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Posted by on May 18, 2017 in General, Type 1 Diabetes, Type 2 Diabetes | 7 comments

Emotions, the second front

Emotions, the second front

Today is the fourth day of Diabetes Blog week.  Each day we have a prompt and are called to post a response.  You can read all responses at my friend Karen’s site Bitter~Sweet.  Also, please remember RABlog week will occur in September.  I hope you join the fun then as well.

Prompt:

Throwback Thursday: What Brings Me Down – Thursday 5/18

Today let’s revisit a prompt from 2014 – May is Mental Health Month so now seems like a great time to explore the emotional side of living with, or caring for someone with, diabetes. What things can make dealing with diabetes an emotional issue for you and / or your loved one, and how do you cope?

Mental health Matters

The emotional side of living with a chronic condition is sometimes the most difficult.  During my lifetime with diabetes, I have done it well, and I have done it poorly.  I also have thought of things that I believe could have made life better had they occurred at diagnosis.  So let’s dial back a bit and discuss 1974.

As I am fond of telling people I was diagnosed while at Disney World (shout out to Disney you owe me a vacation, because #DisneyGaveMeDiabetes).  I was not surprised; I was expecting it at some point because in those days if your parent had T1 diabetes you were told the odds were high that you would have it as well (of course we now know that is not true but remember this is 1974).

After driving from Florida to Indiana, I was given a fasting glucose test and hospitalized.  As I recall, my blood sugar was in the 500’s when I got to the hospital on June 16, 1974, and I was feeling bad.

Observation can be false

Still, I was not visibility upset; my mind was on getting out of the hospital, going backpacking and starting my senior year of high school, and of course young ladies. I was successful at being a teenager with diabetes. I got a job, got a car and started my semi-adult life on my way to college.

What I did not do, was stop and take care of the emotional side of having diabetes.  From most outside observers I was doing ok.  I was functioning and moving along, but inside I was self-destructing.  My self-destruction would lead to years of depression and some poor life choices.

What I have always wondered about is what might have been if during that first year I had seen a therapist.  No not really for treatment, though I think I would have been open to it at some level. Rather I wonder if seeing a therapist might have given me a lifeline to get help sooner as the years rolled along.  I may be suggesting something that would never have worked.  If it worked, it might have only worked for me and no one else.  Or, maybe others feel the same way?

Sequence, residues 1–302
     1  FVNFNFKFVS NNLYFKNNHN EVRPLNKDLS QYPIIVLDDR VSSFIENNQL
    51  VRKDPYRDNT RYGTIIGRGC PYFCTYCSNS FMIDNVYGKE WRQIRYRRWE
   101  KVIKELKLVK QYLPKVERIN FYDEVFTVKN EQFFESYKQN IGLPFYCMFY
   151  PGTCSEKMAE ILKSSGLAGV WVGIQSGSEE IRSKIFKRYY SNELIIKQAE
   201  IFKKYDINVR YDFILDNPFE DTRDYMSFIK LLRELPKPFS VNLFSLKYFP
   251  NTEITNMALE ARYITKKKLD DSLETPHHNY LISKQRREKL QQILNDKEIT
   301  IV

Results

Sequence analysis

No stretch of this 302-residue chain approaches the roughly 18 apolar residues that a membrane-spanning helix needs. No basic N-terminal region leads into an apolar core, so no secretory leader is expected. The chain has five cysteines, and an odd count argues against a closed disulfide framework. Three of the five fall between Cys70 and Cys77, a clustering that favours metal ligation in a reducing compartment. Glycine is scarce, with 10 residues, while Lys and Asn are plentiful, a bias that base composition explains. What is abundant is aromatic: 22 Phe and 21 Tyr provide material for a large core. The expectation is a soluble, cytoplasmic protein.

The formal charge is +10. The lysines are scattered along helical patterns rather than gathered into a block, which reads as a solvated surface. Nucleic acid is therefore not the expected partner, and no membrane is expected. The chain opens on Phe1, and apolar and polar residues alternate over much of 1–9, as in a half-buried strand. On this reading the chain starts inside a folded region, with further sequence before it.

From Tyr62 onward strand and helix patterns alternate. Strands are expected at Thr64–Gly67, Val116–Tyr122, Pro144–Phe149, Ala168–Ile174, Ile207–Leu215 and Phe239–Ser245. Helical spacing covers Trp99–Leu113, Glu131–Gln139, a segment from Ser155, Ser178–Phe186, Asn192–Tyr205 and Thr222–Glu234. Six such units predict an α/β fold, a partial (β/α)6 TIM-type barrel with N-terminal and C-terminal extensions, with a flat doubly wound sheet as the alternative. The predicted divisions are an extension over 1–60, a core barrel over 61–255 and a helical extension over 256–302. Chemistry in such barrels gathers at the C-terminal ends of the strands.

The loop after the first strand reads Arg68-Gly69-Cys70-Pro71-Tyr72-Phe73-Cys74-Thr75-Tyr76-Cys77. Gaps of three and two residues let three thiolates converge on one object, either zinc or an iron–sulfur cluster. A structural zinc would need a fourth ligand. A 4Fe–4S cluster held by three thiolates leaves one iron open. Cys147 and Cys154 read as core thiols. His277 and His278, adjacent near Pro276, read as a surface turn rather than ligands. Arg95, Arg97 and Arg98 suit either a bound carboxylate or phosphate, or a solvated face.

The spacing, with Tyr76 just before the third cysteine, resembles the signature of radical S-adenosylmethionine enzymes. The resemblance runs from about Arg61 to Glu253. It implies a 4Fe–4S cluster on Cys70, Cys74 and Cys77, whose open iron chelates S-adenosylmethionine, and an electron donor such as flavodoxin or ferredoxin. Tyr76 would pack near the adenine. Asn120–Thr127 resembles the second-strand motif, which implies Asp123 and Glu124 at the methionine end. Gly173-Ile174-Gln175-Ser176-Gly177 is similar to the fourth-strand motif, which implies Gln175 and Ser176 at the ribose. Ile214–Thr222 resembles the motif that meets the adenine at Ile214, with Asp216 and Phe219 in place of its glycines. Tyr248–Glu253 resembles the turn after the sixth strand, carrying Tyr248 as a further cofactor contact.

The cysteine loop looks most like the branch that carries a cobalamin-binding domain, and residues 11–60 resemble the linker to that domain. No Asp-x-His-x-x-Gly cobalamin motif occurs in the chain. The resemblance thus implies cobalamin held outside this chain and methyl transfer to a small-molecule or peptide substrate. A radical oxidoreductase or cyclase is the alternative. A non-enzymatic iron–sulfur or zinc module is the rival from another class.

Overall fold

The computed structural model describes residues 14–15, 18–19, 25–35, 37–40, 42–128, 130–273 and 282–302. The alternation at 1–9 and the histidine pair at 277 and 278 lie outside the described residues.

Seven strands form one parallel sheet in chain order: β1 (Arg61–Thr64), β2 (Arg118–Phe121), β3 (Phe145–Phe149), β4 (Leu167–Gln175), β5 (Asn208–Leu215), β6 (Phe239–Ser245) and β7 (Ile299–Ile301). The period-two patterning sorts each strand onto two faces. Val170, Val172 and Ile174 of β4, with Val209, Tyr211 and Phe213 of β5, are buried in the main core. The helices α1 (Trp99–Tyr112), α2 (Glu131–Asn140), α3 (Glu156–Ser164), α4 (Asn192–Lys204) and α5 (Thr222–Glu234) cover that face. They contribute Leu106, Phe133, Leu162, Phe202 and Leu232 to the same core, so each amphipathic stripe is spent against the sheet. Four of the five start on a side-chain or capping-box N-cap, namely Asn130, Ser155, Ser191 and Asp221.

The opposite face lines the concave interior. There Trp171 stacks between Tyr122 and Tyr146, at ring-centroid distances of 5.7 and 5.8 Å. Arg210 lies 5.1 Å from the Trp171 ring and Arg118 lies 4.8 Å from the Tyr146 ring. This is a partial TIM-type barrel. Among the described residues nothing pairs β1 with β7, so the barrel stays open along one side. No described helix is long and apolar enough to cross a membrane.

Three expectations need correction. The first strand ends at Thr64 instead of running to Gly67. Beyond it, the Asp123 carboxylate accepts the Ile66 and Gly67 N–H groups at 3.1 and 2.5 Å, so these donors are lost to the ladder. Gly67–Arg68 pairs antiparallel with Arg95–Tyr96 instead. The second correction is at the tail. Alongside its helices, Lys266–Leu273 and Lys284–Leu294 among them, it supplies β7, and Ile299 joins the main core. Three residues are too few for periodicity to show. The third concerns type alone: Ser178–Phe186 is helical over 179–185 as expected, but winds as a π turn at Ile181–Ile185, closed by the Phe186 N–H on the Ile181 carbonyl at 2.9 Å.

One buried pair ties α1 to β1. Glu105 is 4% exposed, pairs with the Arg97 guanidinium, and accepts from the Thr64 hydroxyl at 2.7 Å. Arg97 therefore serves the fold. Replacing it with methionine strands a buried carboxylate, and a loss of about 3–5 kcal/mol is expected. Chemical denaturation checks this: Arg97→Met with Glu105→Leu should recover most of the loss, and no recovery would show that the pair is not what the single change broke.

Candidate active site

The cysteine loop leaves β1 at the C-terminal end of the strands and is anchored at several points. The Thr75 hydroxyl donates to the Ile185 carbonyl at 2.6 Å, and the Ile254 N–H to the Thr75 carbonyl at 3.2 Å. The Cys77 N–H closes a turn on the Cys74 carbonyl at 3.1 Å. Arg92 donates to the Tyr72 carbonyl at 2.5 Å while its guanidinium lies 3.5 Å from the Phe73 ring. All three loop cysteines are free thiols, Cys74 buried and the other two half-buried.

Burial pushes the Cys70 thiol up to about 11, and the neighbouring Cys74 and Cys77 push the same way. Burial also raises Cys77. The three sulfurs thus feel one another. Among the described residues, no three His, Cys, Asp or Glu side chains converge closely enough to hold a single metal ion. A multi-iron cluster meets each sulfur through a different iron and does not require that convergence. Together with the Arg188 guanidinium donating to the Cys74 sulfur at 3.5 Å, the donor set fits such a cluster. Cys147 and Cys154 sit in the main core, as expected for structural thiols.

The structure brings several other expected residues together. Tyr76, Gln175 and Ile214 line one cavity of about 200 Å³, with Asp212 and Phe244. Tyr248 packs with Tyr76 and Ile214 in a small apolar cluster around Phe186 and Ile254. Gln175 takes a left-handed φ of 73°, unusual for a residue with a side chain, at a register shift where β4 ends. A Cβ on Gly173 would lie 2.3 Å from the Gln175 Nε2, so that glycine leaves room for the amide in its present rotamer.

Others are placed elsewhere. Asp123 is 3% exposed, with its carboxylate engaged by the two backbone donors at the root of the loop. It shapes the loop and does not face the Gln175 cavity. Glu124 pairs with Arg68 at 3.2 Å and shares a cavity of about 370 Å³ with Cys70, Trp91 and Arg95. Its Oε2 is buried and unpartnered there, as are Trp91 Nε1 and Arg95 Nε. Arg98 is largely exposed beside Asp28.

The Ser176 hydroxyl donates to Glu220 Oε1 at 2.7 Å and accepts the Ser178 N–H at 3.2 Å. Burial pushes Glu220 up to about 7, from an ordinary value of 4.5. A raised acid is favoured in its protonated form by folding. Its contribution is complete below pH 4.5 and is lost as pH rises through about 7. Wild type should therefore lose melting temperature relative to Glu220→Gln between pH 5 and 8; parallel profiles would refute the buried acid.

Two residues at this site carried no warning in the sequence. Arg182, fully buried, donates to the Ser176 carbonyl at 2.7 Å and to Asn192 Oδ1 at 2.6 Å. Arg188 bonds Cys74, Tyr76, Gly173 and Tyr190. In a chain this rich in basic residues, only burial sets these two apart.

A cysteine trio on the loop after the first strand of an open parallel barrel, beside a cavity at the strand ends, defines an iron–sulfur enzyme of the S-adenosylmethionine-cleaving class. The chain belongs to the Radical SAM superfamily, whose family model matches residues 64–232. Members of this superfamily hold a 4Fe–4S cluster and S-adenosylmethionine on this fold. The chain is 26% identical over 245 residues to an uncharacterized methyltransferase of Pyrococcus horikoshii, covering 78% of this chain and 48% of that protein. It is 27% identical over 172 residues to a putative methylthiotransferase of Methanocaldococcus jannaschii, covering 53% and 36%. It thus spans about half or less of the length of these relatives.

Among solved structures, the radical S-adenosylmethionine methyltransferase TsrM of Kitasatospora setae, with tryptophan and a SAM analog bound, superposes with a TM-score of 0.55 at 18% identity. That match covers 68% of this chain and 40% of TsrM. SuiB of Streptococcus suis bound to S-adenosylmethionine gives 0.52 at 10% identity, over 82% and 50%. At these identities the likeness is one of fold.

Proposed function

Experience as a teacher

Based on my experience, I suggest that parents throw an emotional lifeline to their teenagers who have a chronic condition.  I know children are doing well but doing well as a teenager can sometimes mask issues.  I do not think a teen needs to enter intensive therapy; rather I suggest two to three visits where they get used to the process.  Not because they are on the verge of collapsing, in fact, quite the opposite.  I suggest kids need to know that as they age feelings of depression and lack of self-worth can destroy a person unless they get help.  Most of us (even without a chronic condition) face these issues sometimes, but if a person with a chronic condition finds themselves in such a situation, it can be devastating.  I prefer to think of it as a lifeline.  It may never be used, but if it is there, it can provide a way back.

It was 1974 and people did not see therapists.  However, given my life experience, I wish my parents had given me that lifeline.  It would have made a big difference in my life later on.

-30-

rick

7 Comments

  1. This post is so powerful Rick. I so wish I had someone to talk to when I was first diagnosed. I spent so much time in denial and seeing alternative healers who colluded in my denial that I actually missed getting the help I needed.

    • Rachel, I knwo i missed so much. Sheryl and I were discussing this during our morning coffee. It was a sad thing

  2. Kelly, You can be in our club. Since I founded it and I only know of 4 others you are in the group. One lady lives in London, she was dx’s at Disney Paris, one in Anaheim, and now three other in FL. Making Disney World the epicenter. LOL

  3. This is a wonderful piece Rick! And I do think your suggestion for teens with a chronic condition is an excellent one! I so wish parents weren’t so resistant to counselling here in Ireland- we’re still trying to shake that stigma. But I will be sharing this piece with anyone who will hear me!! Thank you.

    • Your note is exciting. I have spent an odd life as the result of depression with diabetes. I thank you so much for your kind words. Look later this year as I am working on a three part article that discusses the difficulty with untreated and unrecognized depression. The example I use (me) is will shock you. It does me and I lived it.

  4. Really good point, Rick. It’s made me think about my diabetes and the early years. At first, I thought, ‘well, I coped’. But that’s not quite true. I developed a lot of issues around eating which were exacerbated by diabetes. And eating disorders take years to work through. Thanks for this and all your work.

    • Thank you for the kind comment Emma. I am hopeful I will be getting some content around these parts as soon as the remodeling is complete, os it is nice to see some folks checking out my prior work. You know how remodels go? They take longer than anticipated, but I am hopeful for the end result.

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